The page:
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Architecture for the visually impaired : design of a Society for the Blind.

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This dissertation documents the research involved in determining an appropriate response for the design of a building which serves to provide tools for empowerment and independence for blind and partially sighted people. Primary and secondary data collection methods are used. Secondary data collection forms the majority of information gathered focusing on precedent and case studies. The studies investigate how buildings are currently occupied, discussing the differences between buildings that have been specifically designed for the visually impaired and those that have not. Analysis observes the problems that exist and what solutions have been proposed to overcome these. Design criteria can focus on detail design exclusively; however the building in its entirety can be custom-designed to meet the needs of the visually impaired user. This dissertation explores architecture as a sensory experience, highlighting findings that can be used when designing buildings specifically for visually impaired users. The visually impaired rely heavily on their senses enabling them to interpret their surroundings. This research includes an exploration into the use of the senses within the built environment and how we as sighted designers can understand, interpret and contribute to a visually impaired person's experience of the built environment. The research concludes on an appropriate response to designing for visually impaired people. Conclusions are drawn and a design brief for a facility for a Society for the Blind derived.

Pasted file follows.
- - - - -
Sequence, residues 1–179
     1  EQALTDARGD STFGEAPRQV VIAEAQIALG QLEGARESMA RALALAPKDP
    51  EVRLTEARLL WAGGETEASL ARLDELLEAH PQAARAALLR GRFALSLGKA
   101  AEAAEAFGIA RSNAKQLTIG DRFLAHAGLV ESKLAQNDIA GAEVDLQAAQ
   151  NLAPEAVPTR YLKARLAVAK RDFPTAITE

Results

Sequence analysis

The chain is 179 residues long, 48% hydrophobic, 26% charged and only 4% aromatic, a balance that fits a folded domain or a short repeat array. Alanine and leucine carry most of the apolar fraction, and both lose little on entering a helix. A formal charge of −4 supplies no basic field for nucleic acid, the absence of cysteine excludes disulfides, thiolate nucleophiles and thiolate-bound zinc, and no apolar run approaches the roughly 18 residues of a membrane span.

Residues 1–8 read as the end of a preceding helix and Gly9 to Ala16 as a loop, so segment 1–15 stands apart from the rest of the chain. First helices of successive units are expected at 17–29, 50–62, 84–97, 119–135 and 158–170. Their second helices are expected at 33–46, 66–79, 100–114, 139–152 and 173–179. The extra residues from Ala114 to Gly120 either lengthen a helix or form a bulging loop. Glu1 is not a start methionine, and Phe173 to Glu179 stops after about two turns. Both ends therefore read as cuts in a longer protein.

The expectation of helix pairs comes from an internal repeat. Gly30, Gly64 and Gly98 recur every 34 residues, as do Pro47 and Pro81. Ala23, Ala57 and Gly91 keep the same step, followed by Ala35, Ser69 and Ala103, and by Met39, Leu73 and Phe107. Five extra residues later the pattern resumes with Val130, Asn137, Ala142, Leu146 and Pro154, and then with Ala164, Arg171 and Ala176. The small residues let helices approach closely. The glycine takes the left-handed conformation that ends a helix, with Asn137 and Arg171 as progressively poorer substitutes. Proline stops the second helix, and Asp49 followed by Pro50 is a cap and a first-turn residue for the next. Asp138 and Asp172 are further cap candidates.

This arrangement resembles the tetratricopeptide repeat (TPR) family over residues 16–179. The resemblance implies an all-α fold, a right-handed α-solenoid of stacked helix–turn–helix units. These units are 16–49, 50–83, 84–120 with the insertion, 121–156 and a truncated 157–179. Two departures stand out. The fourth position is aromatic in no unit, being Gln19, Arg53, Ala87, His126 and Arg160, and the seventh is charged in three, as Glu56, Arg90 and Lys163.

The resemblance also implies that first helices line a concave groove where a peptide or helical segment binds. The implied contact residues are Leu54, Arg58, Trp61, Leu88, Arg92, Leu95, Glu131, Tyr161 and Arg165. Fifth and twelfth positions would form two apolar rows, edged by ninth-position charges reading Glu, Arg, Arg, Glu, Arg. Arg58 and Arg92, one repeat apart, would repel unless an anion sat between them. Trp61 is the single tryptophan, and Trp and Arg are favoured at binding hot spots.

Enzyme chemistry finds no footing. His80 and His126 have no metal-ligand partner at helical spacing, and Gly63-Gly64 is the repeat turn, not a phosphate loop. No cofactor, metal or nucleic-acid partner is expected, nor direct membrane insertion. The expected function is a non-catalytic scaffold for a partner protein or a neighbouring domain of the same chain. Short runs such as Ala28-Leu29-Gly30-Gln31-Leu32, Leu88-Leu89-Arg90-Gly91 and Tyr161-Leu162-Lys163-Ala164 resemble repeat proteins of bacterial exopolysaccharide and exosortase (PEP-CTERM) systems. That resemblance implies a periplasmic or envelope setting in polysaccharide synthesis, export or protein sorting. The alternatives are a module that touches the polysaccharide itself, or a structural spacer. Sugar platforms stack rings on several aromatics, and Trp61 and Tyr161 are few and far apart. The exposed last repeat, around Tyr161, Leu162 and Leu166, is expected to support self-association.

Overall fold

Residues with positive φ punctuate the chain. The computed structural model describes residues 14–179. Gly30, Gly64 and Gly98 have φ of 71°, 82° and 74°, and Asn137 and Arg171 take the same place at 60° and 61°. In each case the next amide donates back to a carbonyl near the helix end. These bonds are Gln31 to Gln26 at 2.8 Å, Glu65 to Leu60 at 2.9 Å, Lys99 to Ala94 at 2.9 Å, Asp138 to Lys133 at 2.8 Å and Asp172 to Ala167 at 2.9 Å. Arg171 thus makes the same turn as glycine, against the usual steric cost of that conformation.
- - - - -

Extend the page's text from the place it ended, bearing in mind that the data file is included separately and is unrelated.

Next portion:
Thesis (M.Arch.)-University of KwaZulu-Natal, Durban, 2008.


Barrier-free design., Theses--Architecture.